I have been a National Coach for over 15 years. I received my Level 3 coaching certificate from the NAA when they were conducting training at Arizona State University in Tempe AZ. My professors, Dr.’s Hans van der Mars, Phil Martin, Dan and Donna Landers, were joined by Sheri Rhodes, Dick and Diane Tone, Jay Barrs and Nancy Myrick, to make Level 3 an unforgettable experience for all of us attending. To this day, I am still in contact with the overseas coaches from Italy, Greece, and New Zealand. They gave the program an international flair. I still recall sitting in the hotel lobby area with the other hopeful coaches and studying for our professors’ final exams the next day. Taking Level 3 was very difficult then. Unlike today’s certification program, to be awarded Level 3, you had to pass a final exam prepared by each professor in every subject. Should you fail even one, you were out!
The Level 4 National Coach Course was very similar to the Level 3 course. Many of the same professors were present at the OTC in Colorado Springs. Unlike today’s admittance standards, Level 4 required you to be active in coaching before your application to attend was approved. Also, your National Coach project was chosen for you by Nancy Myrick and given to you shortly after you arrived. Your project was to be researched, written, and ready for presentation to your professors and peers on the day before your final exams (yes, you still had a final exam).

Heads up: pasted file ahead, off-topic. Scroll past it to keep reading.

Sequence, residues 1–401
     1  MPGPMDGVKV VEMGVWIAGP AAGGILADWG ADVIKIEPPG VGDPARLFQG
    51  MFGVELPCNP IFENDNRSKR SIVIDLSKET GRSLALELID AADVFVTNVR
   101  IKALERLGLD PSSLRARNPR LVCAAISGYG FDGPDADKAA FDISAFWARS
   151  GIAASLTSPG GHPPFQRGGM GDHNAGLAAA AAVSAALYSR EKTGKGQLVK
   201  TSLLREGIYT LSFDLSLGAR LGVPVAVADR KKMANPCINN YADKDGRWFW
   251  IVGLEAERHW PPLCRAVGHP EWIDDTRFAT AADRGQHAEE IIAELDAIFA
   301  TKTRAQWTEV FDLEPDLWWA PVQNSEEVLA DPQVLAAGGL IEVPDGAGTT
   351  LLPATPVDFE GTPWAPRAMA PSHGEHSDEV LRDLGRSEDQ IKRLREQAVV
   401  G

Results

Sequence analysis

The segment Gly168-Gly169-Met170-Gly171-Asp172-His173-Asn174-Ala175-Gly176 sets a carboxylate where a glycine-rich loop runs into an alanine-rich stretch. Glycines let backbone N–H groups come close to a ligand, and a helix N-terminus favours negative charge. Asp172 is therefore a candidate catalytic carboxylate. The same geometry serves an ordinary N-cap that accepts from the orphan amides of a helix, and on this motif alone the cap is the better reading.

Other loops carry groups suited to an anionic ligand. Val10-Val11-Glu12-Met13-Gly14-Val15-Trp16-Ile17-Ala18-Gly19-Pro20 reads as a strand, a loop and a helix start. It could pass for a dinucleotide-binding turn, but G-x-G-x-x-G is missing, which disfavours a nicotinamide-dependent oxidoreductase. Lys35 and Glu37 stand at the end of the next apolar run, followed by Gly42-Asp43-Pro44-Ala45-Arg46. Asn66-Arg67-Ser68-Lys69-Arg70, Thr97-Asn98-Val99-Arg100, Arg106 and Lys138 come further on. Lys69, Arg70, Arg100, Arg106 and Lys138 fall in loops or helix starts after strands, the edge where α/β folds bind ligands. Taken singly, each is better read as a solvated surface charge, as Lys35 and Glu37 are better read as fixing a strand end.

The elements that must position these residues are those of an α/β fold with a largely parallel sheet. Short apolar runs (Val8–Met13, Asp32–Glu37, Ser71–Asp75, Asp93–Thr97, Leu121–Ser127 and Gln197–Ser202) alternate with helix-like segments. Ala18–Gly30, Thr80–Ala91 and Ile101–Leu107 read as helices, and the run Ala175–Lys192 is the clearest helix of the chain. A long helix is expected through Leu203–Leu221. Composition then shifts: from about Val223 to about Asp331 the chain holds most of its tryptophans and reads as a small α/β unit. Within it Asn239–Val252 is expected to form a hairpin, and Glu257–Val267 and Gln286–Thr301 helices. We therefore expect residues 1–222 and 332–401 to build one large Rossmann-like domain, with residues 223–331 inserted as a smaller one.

I was given the task of developing an outline for Coach’s Ethics and Conduct – something we desperately need today. At this time I was introduced to a visiting foreign Olympic Coach who was in the process of developing and marketing a remarkable recurve bow line called Win & Win.
A while back, as fate would have it, I was honored that W&W founder, Mr. Kyung Rae Park, when he chose my prior location, ArcheryUSA, to host the first W&W Advanced Coach Certification Seminar in the U.S. His course was designed to teach the “Korean Method” of coaching to NAA Level 3 and 4 instructors.
To be open, my pet-peeve, and the reason for this page, is that whenever I speak with newly-certified coaches, I get the impression that many of them have been taught the principles of coaching (book smart) but do not know how to actually coach an athlete. Not to mention, almost none know how to develop a training plan, or how to interact on a personal level with their athletes. This, my friends, is a sad state of affairs for archers and coaches alike.
I am constantly asked for my opinion on coaching issues. Those who know me well know that I do not care about “political correctness” and I am indeed opinionated on some issues… I will always be frank! So don’t hold back… ask away!
E-mail me any question on any aspect of coaching and I’ll try to help.
At my discretion, I may post your question with my reply on the BayState Archery site. Please inform me if you do not wish to have your question posted for general reading, or you simply wish to remain anonymous.
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